This evening I visited the Theatre Passe Muraille Backspace to see 13 Ways The World Ends, a sketch comedy show by Good Morning Apocalypse company currently running in the Toronto Fringe Festival. I was curious about what I would find, since 2017 has been a stressful year for a lot of people, including me, between frightening political trends and reports of war from around the world and the fear of some kind of imminent environmental catastrophe. Could these sorts of fears, these insecurities about the very future of life, really be the raw material for humour? It can: 13 Ways The World Ends demonstrates this quite well.
13 Ways The World Ends begins with a scene of two mothers with babies strapped to their chests, who casually hack apart the zombies that stumble toward them as they catch up on what’s new in their lives. This opening sketch sets the stage for the show, which moves smoothly from one scene to another, each one absurd and funny and, yes, apocalyptic in its own way. In one scene the audience might learn what a man’s anti-robot prejudices (“No robo”) actually conceal, while in another a distracted family gathers together to witness the end of the sun.
This is a very tight show. The script, written by Brendan Main and Colleen Waltenbury, moves with appropriate speed within each scene and between scenes, never getting bogged down by the details of a particular scenario. Director and stage manager Betony Main likewise deserves recognition for the clean and simple design of the stage on which the action takes place. 13 Ways The World Ends is always very watchable.
The cast of five is uniformly strong, each putting in great character performances. Deanna Palazzo and Karen McFarlane quickly caught my attention in the opening sketch, and then Bryan Piitz placated a wife upset with his old friend’s robophobia with just the right degree of awkwardness. The way Todd McFarlane portrayed the last human being still in material form after the technological singularity, too technologically illiterate to play solitaire and confused by his family’s exhortations to join them in the machine, made me laugh out loud. I was particularly taken by a recurring character played by James Dalzell, a survivor of a nuclear war happy to be stranded in a bank vault where he could finally find the time to read uninterrupted, or so he hoped (Tap dancing was involved, among other things).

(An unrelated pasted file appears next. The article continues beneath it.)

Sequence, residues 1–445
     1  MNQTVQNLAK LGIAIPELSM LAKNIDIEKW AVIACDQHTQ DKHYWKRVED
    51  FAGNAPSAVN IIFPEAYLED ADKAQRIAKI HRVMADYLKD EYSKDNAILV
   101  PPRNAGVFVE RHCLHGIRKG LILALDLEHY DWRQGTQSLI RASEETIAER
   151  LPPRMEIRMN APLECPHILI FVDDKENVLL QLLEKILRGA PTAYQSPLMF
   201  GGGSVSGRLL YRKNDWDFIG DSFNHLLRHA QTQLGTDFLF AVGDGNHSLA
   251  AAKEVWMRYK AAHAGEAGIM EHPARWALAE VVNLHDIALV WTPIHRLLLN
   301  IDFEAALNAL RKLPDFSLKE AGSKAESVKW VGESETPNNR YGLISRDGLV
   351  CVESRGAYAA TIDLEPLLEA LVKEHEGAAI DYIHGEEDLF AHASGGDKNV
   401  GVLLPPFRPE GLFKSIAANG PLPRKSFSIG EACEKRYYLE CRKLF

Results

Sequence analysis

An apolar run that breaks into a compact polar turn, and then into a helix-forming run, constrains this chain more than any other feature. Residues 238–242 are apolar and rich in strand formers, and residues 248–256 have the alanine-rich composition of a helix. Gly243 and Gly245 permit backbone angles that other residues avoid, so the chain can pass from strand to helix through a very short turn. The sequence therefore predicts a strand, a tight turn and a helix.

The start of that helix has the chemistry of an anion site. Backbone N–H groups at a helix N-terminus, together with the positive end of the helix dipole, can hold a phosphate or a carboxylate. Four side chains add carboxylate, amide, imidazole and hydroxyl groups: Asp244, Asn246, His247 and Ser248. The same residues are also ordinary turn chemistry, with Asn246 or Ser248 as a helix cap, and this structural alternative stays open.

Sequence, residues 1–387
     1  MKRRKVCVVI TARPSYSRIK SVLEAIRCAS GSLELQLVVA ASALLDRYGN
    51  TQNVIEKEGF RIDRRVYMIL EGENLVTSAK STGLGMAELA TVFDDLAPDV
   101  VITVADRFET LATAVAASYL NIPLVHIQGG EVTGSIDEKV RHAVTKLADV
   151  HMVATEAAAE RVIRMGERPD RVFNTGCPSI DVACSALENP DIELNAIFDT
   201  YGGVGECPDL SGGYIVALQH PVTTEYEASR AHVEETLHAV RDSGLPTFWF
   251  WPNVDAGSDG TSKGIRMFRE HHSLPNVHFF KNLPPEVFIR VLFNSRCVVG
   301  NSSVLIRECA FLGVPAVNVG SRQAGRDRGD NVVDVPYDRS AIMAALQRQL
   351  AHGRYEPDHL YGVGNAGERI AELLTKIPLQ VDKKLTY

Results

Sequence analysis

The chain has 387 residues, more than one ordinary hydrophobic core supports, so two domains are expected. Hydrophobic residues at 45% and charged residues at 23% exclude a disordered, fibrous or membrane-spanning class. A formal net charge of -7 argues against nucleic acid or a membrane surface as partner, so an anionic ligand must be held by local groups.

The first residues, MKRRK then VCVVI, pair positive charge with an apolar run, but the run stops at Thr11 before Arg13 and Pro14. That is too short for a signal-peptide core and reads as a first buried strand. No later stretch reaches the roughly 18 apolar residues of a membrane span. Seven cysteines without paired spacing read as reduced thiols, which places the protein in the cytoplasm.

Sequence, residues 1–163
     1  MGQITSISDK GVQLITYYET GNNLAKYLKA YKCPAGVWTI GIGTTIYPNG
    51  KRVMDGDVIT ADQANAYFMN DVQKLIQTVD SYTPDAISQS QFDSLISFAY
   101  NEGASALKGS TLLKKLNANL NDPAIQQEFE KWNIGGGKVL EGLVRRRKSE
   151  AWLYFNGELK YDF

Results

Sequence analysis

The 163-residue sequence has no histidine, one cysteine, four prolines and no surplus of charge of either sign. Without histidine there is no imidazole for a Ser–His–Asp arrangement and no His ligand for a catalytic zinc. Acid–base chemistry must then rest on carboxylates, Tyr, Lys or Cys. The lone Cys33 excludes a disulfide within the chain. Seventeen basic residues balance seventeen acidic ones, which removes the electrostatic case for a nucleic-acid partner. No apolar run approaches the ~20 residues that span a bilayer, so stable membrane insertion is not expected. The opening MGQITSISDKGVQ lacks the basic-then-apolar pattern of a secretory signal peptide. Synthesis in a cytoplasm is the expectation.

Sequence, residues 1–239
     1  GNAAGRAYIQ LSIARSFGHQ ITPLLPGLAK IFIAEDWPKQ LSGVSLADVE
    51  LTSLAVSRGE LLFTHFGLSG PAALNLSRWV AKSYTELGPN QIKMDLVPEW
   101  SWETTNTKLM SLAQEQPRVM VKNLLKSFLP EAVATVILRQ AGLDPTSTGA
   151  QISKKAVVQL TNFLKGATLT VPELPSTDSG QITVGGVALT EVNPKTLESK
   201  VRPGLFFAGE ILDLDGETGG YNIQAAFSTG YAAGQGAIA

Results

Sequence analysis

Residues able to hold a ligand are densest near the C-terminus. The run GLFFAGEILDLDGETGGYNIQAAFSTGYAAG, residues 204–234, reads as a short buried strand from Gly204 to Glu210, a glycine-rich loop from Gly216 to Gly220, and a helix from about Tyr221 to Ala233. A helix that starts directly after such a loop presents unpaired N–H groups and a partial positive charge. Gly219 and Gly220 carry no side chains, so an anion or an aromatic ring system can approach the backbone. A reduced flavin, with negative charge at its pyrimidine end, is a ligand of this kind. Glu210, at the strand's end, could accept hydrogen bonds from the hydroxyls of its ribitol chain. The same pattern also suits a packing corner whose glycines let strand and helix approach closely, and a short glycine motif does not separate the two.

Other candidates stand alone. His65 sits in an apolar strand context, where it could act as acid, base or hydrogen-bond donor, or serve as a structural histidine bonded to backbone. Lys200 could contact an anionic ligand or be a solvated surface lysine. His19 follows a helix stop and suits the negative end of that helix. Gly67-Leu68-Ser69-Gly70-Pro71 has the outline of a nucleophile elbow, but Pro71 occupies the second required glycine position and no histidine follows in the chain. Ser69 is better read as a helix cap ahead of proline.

13 Ways The World Ends succeeds. This show proves that it is quite possible to make a fun sketch comedy about the various threats to our existence. Theatre-goers who want relief from these fears would do go well to see this show. Laughter does make everything that much better.
- 13 Ways the World Ends is playing until July 15 at the Theatre Passe Muraille Backspace. (16 Ryerson Avenue)
- Tickets are $12. The festival also offers a range of money-saving passes for serious Fringers.
- Tickets can be purchased online, by telephone (416-966-1062), from the Fringe Club at Scadding Court, and — if any remain — from the venue’s box office starting one hour before curtain.
- Be advised that Fringe performances always start exactly on time, and latecomers are never admitted. To avoid disappointment, be sure to arrive a few minutes before curtain.
- This venue is wheelchair-accessible.
- July 5th at 6:30 pm
- July 7th at 8:15 pm
- July 8th at 10:15 pm
- July 9th at 4:30 pm
- July 11th at 1:30 pm
- July 12th at 8:30 pm
- July 13th at 8:00 pm
- July 15th at 2:45 pm
Photograph of Todd McFarlane, Bryan Piitz, Deanna Palazzo, James Dalzell, Colleen Waltenbury, Brendan Main, and Karen McFarlane by Nate Lacroix.